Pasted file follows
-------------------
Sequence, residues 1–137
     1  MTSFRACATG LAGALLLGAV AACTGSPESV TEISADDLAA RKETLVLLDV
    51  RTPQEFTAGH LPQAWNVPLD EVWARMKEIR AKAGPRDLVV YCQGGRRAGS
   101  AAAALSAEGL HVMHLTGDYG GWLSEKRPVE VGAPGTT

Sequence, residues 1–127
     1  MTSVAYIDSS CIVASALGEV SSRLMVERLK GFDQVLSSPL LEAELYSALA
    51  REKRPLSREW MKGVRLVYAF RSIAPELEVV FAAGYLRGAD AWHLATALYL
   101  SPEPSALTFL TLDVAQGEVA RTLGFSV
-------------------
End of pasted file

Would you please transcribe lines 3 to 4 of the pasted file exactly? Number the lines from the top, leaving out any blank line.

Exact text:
    51  RTPQEFTAGH LPQAWNVPLD EVWARMKEIR AKAGPRDLVV YCQGGRRAGS
   101  AAAALSAEGL HVMHLTGDYG GWLSEKRPVE VGAPGTT